It bears repeating. Good dispositions of the soul, good impulses, and good actions. Don’t be fooled into thinking that politics and policies are what will save us. Divert your attention from that notion entirely. If the individual doesn’t change, nothing and no one will. The problem is in the messaging, and in the messaging, so too, is the solution. Let the message we expose ourselves to be only that which spurs us toward our highest potential.

Let’s step into the practical.

If we see something enough, we'll crave it. If we engage in something enough, we’ll eventually find it hard to see ourselves outside of that thing. You’ll compare yourself to that thing. You’ll feel less than that thing. You’ll crave it, you'll fear it, you'll be inspired or debilitated by it. When it comes to what you engage with, ask yourself this: do the things I give my attention to make me better? Is this thing truly worthy of my ever-depleting attention? We’re at a place in history where controlling the medium has become more and more difficult (notifications and smart devices abound), but we can control the inputs. Who we follow, what podcasts we listen to, how frequently we check each platform, etc. Like time, attention should be treated as a scarce resource. And as we’ve addressed, the brain can only handle so much stimulus; let us select the stimulants wisely. In a world where trading knowledge for mind-numbing entertainment and real people for pixels is normal, be the person who wants more for their attention.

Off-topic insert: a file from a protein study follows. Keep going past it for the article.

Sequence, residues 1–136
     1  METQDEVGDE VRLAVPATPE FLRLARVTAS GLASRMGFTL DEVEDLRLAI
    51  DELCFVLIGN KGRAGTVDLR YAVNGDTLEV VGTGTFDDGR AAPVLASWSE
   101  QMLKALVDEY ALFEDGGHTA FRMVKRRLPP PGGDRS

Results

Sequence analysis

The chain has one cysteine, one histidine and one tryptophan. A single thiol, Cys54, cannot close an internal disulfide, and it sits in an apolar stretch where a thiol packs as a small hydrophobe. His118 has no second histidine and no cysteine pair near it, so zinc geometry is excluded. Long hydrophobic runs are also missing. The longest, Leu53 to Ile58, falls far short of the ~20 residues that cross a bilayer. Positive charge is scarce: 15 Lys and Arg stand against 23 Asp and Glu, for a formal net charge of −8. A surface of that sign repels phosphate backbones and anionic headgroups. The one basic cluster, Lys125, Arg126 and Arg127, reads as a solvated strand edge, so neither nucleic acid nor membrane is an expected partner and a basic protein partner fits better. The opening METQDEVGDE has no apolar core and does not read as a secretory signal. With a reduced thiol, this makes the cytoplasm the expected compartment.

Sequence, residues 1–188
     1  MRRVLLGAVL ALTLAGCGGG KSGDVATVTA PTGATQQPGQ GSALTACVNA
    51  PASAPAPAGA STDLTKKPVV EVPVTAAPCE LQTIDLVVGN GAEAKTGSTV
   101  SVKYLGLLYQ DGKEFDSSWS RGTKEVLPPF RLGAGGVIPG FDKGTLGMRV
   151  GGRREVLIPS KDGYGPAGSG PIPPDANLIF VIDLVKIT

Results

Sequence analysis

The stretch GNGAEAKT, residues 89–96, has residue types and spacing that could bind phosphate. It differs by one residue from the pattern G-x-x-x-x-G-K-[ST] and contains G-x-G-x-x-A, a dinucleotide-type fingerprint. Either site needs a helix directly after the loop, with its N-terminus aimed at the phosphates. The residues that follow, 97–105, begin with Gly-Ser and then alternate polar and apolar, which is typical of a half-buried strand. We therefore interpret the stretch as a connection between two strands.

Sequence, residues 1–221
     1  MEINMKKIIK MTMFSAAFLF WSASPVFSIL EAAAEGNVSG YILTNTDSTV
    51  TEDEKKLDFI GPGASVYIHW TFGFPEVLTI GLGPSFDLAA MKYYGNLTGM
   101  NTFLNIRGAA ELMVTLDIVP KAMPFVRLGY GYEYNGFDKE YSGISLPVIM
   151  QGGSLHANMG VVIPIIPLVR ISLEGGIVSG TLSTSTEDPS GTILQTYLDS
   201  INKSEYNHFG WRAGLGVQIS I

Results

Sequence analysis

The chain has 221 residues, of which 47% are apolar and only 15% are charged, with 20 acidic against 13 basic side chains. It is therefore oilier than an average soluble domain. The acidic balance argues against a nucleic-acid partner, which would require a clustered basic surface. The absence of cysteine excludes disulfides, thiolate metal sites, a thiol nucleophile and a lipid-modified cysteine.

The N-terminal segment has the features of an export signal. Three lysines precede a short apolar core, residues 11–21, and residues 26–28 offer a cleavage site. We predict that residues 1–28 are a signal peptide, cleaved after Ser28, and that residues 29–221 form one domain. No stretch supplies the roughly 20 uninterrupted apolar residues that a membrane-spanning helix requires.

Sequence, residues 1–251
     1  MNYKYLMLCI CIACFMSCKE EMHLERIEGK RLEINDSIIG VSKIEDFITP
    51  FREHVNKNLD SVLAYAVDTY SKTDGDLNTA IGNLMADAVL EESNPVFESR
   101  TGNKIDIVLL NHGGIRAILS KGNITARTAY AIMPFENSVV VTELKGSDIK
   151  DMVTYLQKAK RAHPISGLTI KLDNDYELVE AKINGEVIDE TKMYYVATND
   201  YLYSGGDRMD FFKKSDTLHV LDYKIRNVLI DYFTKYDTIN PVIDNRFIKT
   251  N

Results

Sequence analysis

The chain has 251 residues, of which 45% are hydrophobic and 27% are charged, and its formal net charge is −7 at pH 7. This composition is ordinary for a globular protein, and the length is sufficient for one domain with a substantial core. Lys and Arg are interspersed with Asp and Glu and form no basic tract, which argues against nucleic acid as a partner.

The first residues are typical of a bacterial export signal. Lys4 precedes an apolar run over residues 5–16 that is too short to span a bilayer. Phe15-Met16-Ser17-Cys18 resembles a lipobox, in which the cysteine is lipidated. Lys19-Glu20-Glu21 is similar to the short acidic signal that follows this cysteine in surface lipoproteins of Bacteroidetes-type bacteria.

If we become what we give our attention to, as Epictetus says, those things must be worth becoming. They must be worth transforming into or being afraid of. And full disclosure—the only thing worth being afraid of is that which keeps you from being your absolute best. Take that in the most grounded, most practical, most transformative way possible. Put simply, view things through the lens of whether or not they’ll make you better. In the matter of attention, this is our call to action.

“Your life is too short and you have important things to do. Be discriminating about what images and ideas you permit into your mind. If you yourself don’t choose what thoughts and images you expose yourself to, someone else will, and their motives may not be the highest.” -Epictetus

Be stingy with your attention. Your life is too short and you have important things to do. Guard your mind and guard your eyes, knowing full-well that someone is always around the corner seeking to convince you of something.

A key element—if not the key element—of stoic philosophy is asserting control over your mind. Inevitably, much of this requires taking control of what enters your mind, and thus, your attention. Choosing who gets our attention is choosing who we become. We are the sum of our inputs. May this truth reframe what we engage with and why.